3 December 2014
Russian courts have banned more Muslim literature and a video on the ownership of Orthodox saints' relics as "extremist", Forum 18 News Service notes. They have also banned a US-based Russian language website with the text of a hadith collection held by Sunni Muslims to be the most important Islamic book after the Koran. Ravil Tugushev, a lawyer challenging the website ban, noted that "many native Muslims of the Russian Federation do not know Arabic and read Russian translations of the holy texts, including those on the internet". Also, Sakhalin prosecutors are trying to ban a book containing verses from the Koran. Mufti of Asiatic Russia Nafigulla Ashirov described the case as "complete insanity" for being based on verses of the Koran. Commenting on the banning by Artyomovo Municipal Court of 13 Islamic texts as "extremist", Mufti of Saratov Mukaddas Bibarsov stated that if the hadith collection is banned "you should ban books of all religions, without exception, because each of us believes his religion exceptional and the truth". Officials have refused to discuss any of the cases with Forum 18.
20 November 2014
The criminal trial of six Russian Muslims accused of "extremism" for alleged involvement in "Nurdzhular", an organisation which Muslims deny exists, began in Perm on 16 October, Forum 18 News Service has learnt. Two women facing the same charges in Krasnoyarsk will go on trial on 27 November, and another man in Rostov-on-Don is likely to be tried soon after. Four more people are soon to be brought to court on similar charges. Another Muslim from Perm, who reads the works of the late Turkish Muslim theologian Said Nursi, was given a suspended prison sentence in June. Also, the Jehovah's Witness community in Samara – forcibly liquidated on charges of "extremism" – has been unable to overturn the liquidation ruling on 12 November in the Supreme Court. In Taganrog a similar 2009 liquidation also upheld by the Supreme Court has been used to justify banning all Jehovah's Witness activity. Subsequently, seven Jehovah's Witnesses were found guilty of "extremism" in August 2014 for continuing to meet together for prayer and Bible study.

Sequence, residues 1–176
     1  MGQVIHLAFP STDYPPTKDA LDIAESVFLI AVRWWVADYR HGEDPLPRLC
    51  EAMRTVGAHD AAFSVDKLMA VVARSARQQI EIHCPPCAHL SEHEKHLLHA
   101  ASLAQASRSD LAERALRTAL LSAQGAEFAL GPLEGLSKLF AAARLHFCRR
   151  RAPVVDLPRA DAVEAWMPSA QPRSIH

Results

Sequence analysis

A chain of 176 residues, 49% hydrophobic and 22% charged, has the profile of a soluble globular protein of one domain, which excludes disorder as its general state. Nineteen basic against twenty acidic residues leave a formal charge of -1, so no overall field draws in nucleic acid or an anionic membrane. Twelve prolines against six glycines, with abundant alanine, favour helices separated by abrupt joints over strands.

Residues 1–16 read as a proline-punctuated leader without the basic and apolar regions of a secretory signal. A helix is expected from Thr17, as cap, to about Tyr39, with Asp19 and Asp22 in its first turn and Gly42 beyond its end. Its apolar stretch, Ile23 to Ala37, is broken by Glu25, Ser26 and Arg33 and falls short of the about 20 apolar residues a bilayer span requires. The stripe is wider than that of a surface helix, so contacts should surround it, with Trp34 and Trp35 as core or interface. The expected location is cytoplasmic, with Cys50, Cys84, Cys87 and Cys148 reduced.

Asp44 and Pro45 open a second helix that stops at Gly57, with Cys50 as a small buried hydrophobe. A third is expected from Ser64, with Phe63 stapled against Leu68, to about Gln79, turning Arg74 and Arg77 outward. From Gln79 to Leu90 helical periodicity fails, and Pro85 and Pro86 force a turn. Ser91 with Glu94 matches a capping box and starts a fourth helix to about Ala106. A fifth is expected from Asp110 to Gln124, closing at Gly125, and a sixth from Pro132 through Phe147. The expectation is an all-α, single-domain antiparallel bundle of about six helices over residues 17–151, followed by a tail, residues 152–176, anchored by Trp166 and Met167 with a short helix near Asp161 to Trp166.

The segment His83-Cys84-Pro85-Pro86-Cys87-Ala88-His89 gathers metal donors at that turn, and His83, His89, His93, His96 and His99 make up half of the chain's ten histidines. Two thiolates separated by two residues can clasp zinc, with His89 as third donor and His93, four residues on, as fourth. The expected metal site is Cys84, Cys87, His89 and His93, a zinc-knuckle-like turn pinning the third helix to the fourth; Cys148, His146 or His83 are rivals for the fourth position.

8 September 2014
In the four months up till the end of August, Forum 18 News Service identified 18 individuals or organisations in 15 different regions of Russia facing administrative punishment for possessing religious literature which appears not to incite violence or hatred. All but two were eventually fined. Jehovah's Witness Aleksandr Yevdoshenko was fined in Krasnoyarsk after a man claimed to have been given an "extremist" booklet at a religious meeting, even though fellow Jehovah's Witnesses say no "available evidence" exists that the man who brought the complaint to police was present. The man claimed on his party website he "simply went to the police station and wrote a statement", which the police received "with enthusiasm". According to court documents seen by Forum 18, searches of Jehovah's Witnesses' homes, vehicles and workplaces tend to be prompted by complaints from members of the public. Inspections of mosques and Muslim shops are more often carried out to monitor "compliance with the law on extremist activity", according to prosecutors.